by julee snyder
We have now completed our introductory series through the skeletal structures of the body and their applications to yoga. Next, we will turn to the horizontal supporting structures in the body, the diaphragms. These include the soles of the feet, the pelvic floor, the breathing diaphragm, the thoracic inlet, the shoulder diaphragm, dome of the armpit, the palm of the hand, the throat diaphragm, the pallatte, and the cranial diaphragms. There are also mini-diaphragms in the knees and elbows. Most of these structure are muscular, some not. Most are concrete and others more subtle. They are all part of the container systems of the body.
Wendy LeBlanc-Arbunkle, a yoga and Pilates practitioner in Austin, TX, refers to the diaphragms as “Domes of Uplift”. Yoga refers to them as bandhas and, in some cases, mudras. We will examine each with a BMC approach, looking at the anatomy from a western perspective and then going into our sensation to explore their application to yoga.
Take a moment to look at the movements of the jellyfish in this video. Notice how the center relates to the periphery to create a doming pulsation that propels them through the water. This is an early form of locomotion. Begin with your hand. As you observe the jellyfish, begin to mimic this movement with your own hand. Let that movement pulse through your whole body. Then one-by-one, go through each of the diaphragm locations and find a similar jellyfish undulation. After this becomes more familiar, start to coordinate them, undulating from multiple diaphragms at once. Now take it into asana. How does it inform your poses? Try it in both large and small ways.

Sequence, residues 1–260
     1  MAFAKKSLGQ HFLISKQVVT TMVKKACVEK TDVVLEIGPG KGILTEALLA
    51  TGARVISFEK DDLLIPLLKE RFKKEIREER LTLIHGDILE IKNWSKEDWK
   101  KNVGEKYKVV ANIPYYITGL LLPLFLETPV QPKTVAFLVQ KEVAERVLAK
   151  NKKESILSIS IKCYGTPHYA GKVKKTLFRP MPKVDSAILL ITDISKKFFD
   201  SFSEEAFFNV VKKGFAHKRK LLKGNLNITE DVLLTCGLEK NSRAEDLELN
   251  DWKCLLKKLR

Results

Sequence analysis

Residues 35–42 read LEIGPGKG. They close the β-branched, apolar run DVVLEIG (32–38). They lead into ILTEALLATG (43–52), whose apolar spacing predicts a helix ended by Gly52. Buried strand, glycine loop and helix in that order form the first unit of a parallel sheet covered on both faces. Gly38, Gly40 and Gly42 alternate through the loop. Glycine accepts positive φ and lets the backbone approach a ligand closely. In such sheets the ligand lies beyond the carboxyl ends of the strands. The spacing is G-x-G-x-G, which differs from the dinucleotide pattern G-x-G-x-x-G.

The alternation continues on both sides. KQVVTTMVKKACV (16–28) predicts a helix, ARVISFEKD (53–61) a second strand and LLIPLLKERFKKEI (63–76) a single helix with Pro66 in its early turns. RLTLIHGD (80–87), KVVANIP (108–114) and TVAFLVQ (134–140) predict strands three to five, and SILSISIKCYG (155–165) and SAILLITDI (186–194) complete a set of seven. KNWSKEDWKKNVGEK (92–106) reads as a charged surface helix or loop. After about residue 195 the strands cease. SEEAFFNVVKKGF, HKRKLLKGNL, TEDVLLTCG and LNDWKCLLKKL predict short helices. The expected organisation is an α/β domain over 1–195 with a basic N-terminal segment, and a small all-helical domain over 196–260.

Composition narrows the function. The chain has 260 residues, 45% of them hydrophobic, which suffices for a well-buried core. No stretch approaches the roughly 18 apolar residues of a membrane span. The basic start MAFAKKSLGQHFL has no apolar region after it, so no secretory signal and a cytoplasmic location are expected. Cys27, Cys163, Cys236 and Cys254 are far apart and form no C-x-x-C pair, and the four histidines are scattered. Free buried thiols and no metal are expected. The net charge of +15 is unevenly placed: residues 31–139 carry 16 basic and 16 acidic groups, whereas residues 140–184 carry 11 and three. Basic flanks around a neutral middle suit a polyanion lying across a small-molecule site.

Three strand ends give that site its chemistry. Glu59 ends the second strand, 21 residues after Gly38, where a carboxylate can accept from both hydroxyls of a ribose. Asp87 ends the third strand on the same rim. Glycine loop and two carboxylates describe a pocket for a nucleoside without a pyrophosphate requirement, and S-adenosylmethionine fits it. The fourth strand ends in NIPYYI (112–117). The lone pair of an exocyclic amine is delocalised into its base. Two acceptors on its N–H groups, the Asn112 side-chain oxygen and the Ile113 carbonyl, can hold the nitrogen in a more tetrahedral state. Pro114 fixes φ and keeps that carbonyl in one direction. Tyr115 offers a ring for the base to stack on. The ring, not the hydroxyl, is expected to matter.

The Parachute Game
One of the key ideas in the diaphragms is much like the parachute game many of us played as children. Remember, all the kids held the edges of the parachute and when we all threw our hands up in the air, the center of the parachute dropped down at first and then would rise up when we pulled the edges down to the ground creating a dome of uplift. Similarly, when we root the edges of our diaphragms down into the earth, the center has the ability to buoyantly lift upwards toward the crown of the head. Come into standing and begin to root down the four points of each foot and feel the corresponding lift up through the arches. Continue in this way to stack your diaphragms and feel yourself in alignment with the forces of gravity and levity.
More soon on each diaphragm!
This is a beautiful post. I am so grateful for this. the jellyfish and parachute illustrations help so much. When I engaged with the soles of my feet, my ears crackled. The tympanic membrane is also a diaphragm and not the only one with which we receive acoustic input— hear.